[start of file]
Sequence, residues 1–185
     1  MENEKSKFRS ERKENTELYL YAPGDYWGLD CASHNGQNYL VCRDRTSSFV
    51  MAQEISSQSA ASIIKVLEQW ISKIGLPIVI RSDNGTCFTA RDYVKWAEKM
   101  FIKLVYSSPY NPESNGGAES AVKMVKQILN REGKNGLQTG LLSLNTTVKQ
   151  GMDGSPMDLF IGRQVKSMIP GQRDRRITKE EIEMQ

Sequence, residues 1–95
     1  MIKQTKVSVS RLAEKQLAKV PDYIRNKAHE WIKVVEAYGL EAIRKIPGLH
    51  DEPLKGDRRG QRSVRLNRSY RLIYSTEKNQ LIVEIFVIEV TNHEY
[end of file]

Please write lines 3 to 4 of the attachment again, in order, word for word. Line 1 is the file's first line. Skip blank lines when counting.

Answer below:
    51  MAQEISSQSA ASIIKVLEQW ISKIGLPIVI RSDNGTCFTA RDYVKWAEKM
   101  FIKLVYSSPY NPESNGGAES AVKMVKQILN REGKNGLQTG LLSLNTTVKQ